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LETTERS for January 31 issue

January 31, 2013
Lahaina News

Concerns on Act 55

Many in the Repeal Act 55 movement - myself included - do not consider the governor's statement as a considerable step forward, as it may lead some to believe at first blush.

"Adjusting" and "fixing" Act 55 through amendments do not hold promise that Hawaii will end up with a better law - a law that has outraged thousands of people across Hawaii, in particular the neighbor islands.

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Our public lands will be targeted for commercialization, and our local zoning laws and building codes will be disregarded. Decisions to do so will rest with a five-member Oahu-based board, while an estimated 80 percent of public lands are located on the neighbor islands.

By amending complicated Act 55, the potential is high that we will end up with reactive legislation that is also poorly designed.

While the governor highlights that public concerns should be addressed, he points out that it must advance somehow. Does that mean regardless of what the people of Hawaii desire? Additionally, there is no commitment to not veto.

MAHINA MARTIN, Founder, PLDC Watch, Maui

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Drivers generally respect crosswalks

This is for the writer on the issue of safe crosswalks in Honokowai. I 100 percent agree with you. The female who sped by and, to add insult to injury, even gave you the finger ought to have her driving privileges (it's not a right!) revoked!

As bad as her demeanor was, I believe it's rather a single case.

I've lived in many countries and nearly never had any problems. And, as I recall my years in Maui, never.

I am currently - to my regret - still assigned in Taiwan. And here, crosswalks are an effort in vain: wasted manpower to paint them and wasted paint. They are NEVER regarded here, in all my nine years living in this "society."

Why am I writing this? To comfort you.

God bless and aloha from where I don't want to be any longer...

DR. GEORG WOODMAN, Kihei/Taiwan

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Thanks for improving our school's campus

On behalf of King Kamehameha III Elementary School, I would like to extend a huge mahalo to The Westin Maui Resort & Spa in Kaanapali.

Thank you goes out to Fely Guieb, who organized a crew consisting of Shalinder Singh, Daisy Yadao, William Phillips and Tania Tongi, who all volunteered their time and energy to do some improvements to our campus.

First, they revitalized a planter box that fronts our school with brand new, beautiful plants and trees. And second, they repainted an entire portable classroom to match the rest of the newly renovated buildings on campus. That was one gigantic job, and it looks fantastic!

Thank you so much for your generosity, time, effort and support of King Kamehameha III Elementary School.

CLAIRE TILLMAN, King Kamehameha III, PCNC Facilitator

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What's good about hunting?

PETA has written to President Obama asking him to please rethink his praise of hunting.

There is nothing good about killing animals for sport or teaching our children to do so. Consider the case of 13-year-old Mitchell Johnson and 11-year-old Andrew Golden. They took the hunting guns of Andrew's grandfather, who had taught Andrew to hunt, and used them to ambush their fellow students in Jonesboro, Ark. The massacre left four little girls and one teacher dead.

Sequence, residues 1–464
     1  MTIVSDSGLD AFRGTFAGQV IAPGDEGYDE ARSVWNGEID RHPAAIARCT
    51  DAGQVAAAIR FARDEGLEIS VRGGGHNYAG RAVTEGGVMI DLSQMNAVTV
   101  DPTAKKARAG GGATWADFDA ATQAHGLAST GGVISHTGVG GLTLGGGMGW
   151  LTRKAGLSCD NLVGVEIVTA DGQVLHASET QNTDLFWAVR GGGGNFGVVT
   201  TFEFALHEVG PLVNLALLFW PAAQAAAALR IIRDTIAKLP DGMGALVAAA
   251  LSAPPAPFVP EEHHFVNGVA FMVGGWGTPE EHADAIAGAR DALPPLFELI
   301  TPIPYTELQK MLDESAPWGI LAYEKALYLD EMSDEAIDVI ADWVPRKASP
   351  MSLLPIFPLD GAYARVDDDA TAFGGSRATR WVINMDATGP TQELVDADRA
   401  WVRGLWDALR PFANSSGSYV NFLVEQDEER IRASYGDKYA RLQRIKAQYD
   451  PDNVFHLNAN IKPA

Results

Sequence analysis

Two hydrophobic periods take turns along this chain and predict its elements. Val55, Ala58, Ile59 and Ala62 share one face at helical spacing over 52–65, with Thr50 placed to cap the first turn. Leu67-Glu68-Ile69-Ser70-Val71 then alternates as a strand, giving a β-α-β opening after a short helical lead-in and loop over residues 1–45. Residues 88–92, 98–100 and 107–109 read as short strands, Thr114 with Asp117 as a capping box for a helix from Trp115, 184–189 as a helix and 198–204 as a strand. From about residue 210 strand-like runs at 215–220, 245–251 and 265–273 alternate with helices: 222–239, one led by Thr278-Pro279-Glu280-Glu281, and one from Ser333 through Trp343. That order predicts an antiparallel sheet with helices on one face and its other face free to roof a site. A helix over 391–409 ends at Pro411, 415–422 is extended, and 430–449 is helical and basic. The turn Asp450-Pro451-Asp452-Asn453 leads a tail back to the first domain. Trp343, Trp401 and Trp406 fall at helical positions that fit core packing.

The great humanitarian and Nobel Prize winner Dr. Albert Schweitzer asked, "When will we reach the point that hunting, the pleasure of killing animals for sport, will be regarded as a mental aberration?"

More and more people are coming around to this way of thinking. According to the latest U.S. Fish and Wildlife survey, 13.7 million - just 6 percent - of Americans hunt, but a whopping 71.8 million Americans are wildlife watchers. People have learned that hunting causes animals unspeakable pain and suffering.

Celebrate the outdoors and our fellow earthlings. Grab your kids and/or friends on a nice day and go hiking, biking, rock-climbing, boating or bird-watching.

And take along a camera, in case you spot an animal out there enjoying life.

CARLA BENNETT, The PETA Foundation

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Support bill that protects animals

Please lend your support of Senate Bill 197. E-mail Senhee@capitol .hawaii.gov and Senshimabukoro@ capitol.hawaii.gov and ask them to please hear the bill, which criminalizes the killing of pets (dogs, cats, horses) for human consumption. This is fundamental protection for beloved companion animals that are considered members of the family today, and of whom we are guardians.

The violence in their killing is as unacceptable as it would be for humans. There is no way to ensure that their killing for consumption is humane under the current law. To prove whether their killing was humane or not becomes impossible without evidence. It is also believed that there is no such thing as the humane killing of companion animals.

In the past, references to cultural or racial discrimination had confused the real issue: cruelty to animals. How can there be an argument when the killing and human consumption of these companion animals have already been outlawed in major countries as the Philippines, Taiwan, Hong Kong, Singapore, South Korea and recently in Weixian County in China?

It is really a cruelty issue, not a discrimination issue.

Please e-mail to ask for a hearing for this bill; that is only way to pass this law to help our beloved companion animals. We want to hear your voice, as the animals cannot speak for themselves. Mahalo!

BARBARA STEINBERG, Kihei

 
 
 

 

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